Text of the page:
We had a pretty dry winter. Not much of a cold snap at all. Felt like I was watering the garden about a quarter as much as I do in the summer. It was chilly enough that my plants weren't that needy.
The goji berry, mugwort, and rose bush are all happily growing already. Slurping up the sun with every leaf they can deploy. Growing fast.
The Virginia Flame is waking up. Spent the afternoon making a cage to keep the birds a foot away from my grapes. Hoping it works!
The Arkansas Traveler is also getting going. This year I want to see if I can fill that cage with berry generating green.
The chard was offline in what I was expecting to be its peak season. We had a scary winter infestation of hungry critters. I had to put the wire cage over the plants to protect them. Had to forgo a lot of crops while the plants regenerated. Now they are supper yummy when I eat them again soon. Usually get at least a pound and a half a week from there.
Maybe it's too early for cucumber. Just thought I'd try one of them and see what happens. That's a baby Japanese cucumber. Those were delicious last year so I'm trying them again.
Planted the cabbages too late to harvest them for St. Patricks day. They should have been planted by the end of September. They also got set back by hungry critters. As soon as I saw the trouble I covered about half of them, all I had the stuff to protect right there. The next day I came back and saved the rest. That one day of critter munching explains the difference in their sizes.
One crop that thrives on being ignored most of the time is garlic. After the rains come the heads I missed when I was harvesting last year shoot up like grass patches. I pull them up and spread them around. This year I got as much of that as possible right here. That's the garlic field.
The cucumber looks healthy at this point in time.
That big cabbage will be ready to harvest the soonest. Maybe in a week or two. Looking forward to working my way through that!
That borage volunteers again year after year. If it comes up somewhere I want to use for something else I pull it like a weed. Lining up with the irises is a fine place for it. Good luck borage!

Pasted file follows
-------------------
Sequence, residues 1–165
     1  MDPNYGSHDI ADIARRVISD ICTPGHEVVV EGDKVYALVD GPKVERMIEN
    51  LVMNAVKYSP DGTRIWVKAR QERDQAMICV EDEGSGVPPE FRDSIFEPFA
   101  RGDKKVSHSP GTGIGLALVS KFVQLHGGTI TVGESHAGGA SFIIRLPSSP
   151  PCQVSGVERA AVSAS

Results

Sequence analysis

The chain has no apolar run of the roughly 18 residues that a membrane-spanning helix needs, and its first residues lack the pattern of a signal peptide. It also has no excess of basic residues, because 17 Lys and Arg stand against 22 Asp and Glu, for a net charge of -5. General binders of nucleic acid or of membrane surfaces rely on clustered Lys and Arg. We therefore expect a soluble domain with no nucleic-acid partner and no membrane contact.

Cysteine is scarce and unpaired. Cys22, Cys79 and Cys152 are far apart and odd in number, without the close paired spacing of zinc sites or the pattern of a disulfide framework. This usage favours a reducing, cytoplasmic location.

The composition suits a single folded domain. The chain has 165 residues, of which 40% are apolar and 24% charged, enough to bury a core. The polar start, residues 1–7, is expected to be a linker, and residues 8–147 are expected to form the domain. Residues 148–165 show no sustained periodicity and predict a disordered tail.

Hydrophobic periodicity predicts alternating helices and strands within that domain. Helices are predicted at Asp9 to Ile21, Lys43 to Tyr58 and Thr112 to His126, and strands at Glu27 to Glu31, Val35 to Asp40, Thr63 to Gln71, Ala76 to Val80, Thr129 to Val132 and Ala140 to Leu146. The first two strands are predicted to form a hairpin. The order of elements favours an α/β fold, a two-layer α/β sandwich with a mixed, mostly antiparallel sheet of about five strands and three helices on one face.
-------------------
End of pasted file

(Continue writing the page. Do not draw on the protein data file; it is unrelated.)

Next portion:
I only got one six pack of chard starts, but it worked out to many more plants than that. I just kept separating the seedlings and finding another place to plant the next one. Must have gotten a dozen plants out of it. Too bad the main beneficiaries over the winter were those critters.
The strawberry died of thirst when I was too busy to water because the rain was supposed to be doing the job in February. Feeling sad about that.
This corner gets the least sun during the winter. I planted those chard starts there because I ran out of other places to put them. Maybe now that they get more sun they'll grow.
Those mustard greens were the crop that got me through the winter! The critters just didn't want them. I can cook the bitterness out of them, so it didn't bother me. Going to plant that again next winter for sure.
That grape is just beginning to wake up. It's more cautious about that than the other one. I think it's optimized for a longer winter than this area has.
Someone told me you can protect a cabbage from critters by planting garlic around it. Guess I underestimated the reach of the cabbage leaves when I tried that. Glad to report that the garlic might help.
Saw tomato starts at the plant nursery and couldn't resist this early girl!
Last summer Betsy gave me a takeout side dish tub full of lettuce seeds. I planted them all. For a while I was excited about all the lettuce I was going to have. Then the critters came along and decimated the crop. I covered some of it and put this stovepipe around the rest. In the end, this plant was the only one that survived. I'm getting plenty of garnish and salad out of it. Thank you Betsy!
The rose bush is starting to give me pretty and fragrant flowers. They will be better soon.
There were collard starts growing in the pathway near where another gardener let his go to seed last fall. I weeded some of them up and planted them in my plot. We'll see how they turn out.
I hope that's a ladybug!
Turns out that after a decade or so in the sun the handles of these tools turn into brittle mush. Usually I find out the process has gone too far by breaking off the handle. Now I have a collection of dead tool blades. Wish I knew how to get new handles on them.